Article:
By Debbie Hall
A recent incident at a Martinsville eatery has been described as a raid, but Martinsville authorities said that was not the case.
The El Norteno Mexican Restaurant in Martinsville closed briefly last week at the behest of the Virginia Department of Health to address issues within the restaurant, according to Martinsville Deputy Police Chief Robert Fincher.
He said the incident began at 9:45 p.m. on Oct. 9, when an environmental manager with the local Virginia Department of Health office stopped by the restaurant, located at 730 E. Church St., to check on concerns that had been reported to health officials.
Nancy Bell, public information officer for the West Piedmont Department of Health, said health officials have been working with El Norteno management for approximately six months.
“It’s a popular business and sometimes he gets more customers than he can handle so we’ve been trying to help him out,” Bell said.
On Oct. 9, Bell said that an environmental health specialist had been sent to the restaurant following a customer complaint.
Given that it was the restaurant’s bar, which she said had become overcrowded, and that bars are “known to be unruly at times,” Bell said a police officer was on stand-by in the parking lot.
Following a conversation with the health official, the restaurant manager made the decision to close the establishment and disperse the crowd.
“Our guy went back to the office that night to prepare the paperwork to have them (El Norteno) shut down but when he came back the next day, they were in full compliance and there was no need to shut them down,” Bell said.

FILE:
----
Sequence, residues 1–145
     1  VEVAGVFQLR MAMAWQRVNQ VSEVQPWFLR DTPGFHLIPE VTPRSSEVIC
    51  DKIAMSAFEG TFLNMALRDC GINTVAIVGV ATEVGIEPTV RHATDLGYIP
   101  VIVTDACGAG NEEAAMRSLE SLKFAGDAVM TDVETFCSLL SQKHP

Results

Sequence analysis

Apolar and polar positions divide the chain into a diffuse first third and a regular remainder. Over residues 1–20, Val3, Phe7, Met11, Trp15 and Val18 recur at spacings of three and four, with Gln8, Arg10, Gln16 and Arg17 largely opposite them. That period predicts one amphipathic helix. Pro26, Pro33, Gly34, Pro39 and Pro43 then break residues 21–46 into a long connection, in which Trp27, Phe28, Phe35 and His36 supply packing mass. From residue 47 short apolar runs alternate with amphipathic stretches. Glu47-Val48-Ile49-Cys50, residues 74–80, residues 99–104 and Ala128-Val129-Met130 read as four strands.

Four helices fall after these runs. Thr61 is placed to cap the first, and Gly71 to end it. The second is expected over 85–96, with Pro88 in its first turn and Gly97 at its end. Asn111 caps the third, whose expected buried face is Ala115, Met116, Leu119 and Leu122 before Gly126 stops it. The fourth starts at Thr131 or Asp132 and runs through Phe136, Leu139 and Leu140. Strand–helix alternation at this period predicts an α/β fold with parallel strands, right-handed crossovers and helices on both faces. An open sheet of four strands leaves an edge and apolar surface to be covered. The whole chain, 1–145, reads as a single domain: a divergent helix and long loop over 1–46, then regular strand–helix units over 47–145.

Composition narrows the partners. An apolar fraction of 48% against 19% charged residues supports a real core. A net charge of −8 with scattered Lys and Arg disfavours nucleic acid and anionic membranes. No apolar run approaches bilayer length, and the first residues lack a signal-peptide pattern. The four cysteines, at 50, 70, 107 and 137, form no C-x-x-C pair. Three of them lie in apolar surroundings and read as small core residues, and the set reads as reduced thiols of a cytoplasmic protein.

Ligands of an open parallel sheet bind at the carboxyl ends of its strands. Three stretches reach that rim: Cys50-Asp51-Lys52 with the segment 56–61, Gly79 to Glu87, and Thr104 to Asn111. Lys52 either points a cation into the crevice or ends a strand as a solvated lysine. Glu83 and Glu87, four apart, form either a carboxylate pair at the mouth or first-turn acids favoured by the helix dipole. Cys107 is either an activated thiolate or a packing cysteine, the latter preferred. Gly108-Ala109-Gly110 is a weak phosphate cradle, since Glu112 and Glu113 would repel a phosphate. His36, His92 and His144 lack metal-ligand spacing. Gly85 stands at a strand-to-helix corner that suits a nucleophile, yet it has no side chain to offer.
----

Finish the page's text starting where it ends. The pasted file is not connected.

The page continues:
The health official “had a discussion” with the restaurant management, and when leaving, 10 to 15-minutes later, Fincher said the health official made contact with a Martinsville Police Officer who was in the parking lot to simply discourage restaurant patrons from loitering.
Fincher said it is common at several eateries for an officer to disperse patrons who gather outside.
The health official made contact with the officer and explained that the restaurant was closed for the rest of the night, Fincher said.
The official also explained that he had addressed concerns with the management and “they said they are going to take care of” the concerns, Fincher said.
“Eventually, the restaurant personnel asked everyone in the restaurant to leave, and we were asking them to leave the parking lot,” Fincher said.
“This was not a situation where we raided a business,” he added. “Our officers never spoke to restaurant employees.”
In fact, Fincher said issues between a restaurant and health officials are considered civil matters, and “law enforcement is very limited as to what we can do.”
The restaurant management “was in agreement” with health officials, Fincher said. “They closed that night and quickly fixed those issues and reopened – not that night” but soon after.
The department’s Mobile Command Center also was reported at the scene, Fincher said.
However, the vehicle, a 1990 Winnebago, had been parked in the lot for two weeks before the incident, at the request of another business that also is located in the Patrick Henry Mall.
Bell said she feels “bad that they are getting kind of drug over this because this is really a good story. Everyone did their job and the restaurant acted quickly to get back in compliance.”
She also disagreed with the characterization of the events as a raid.
“There was no shut down and there was no raid,” Bell said. “I don’t know how you define a raid but I wouldn’t consider a conversation with management as a raid.”